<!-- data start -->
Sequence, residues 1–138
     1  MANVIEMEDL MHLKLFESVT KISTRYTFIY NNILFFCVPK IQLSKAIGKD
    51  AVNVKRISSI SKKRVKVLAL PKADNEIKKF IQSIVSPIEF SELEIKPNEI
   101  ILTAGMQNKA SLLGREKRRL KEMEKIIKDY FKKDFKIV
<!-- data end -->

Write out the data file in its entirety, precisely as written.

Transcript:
Sequence, residues 1–138
     1  MANVIEMEDL MHLKLFESVT KISTRYTFIY NNILFFCVPK IQLSKAIGKD
    51  AVNVKRISSI SKKRVKVLAL PKADNEIKKF IQSIVSPIEF SELEIKPNEI
   101  ILTAGMQNKA SLLGREKRRL KEMEKIIKDY FKKDFKIV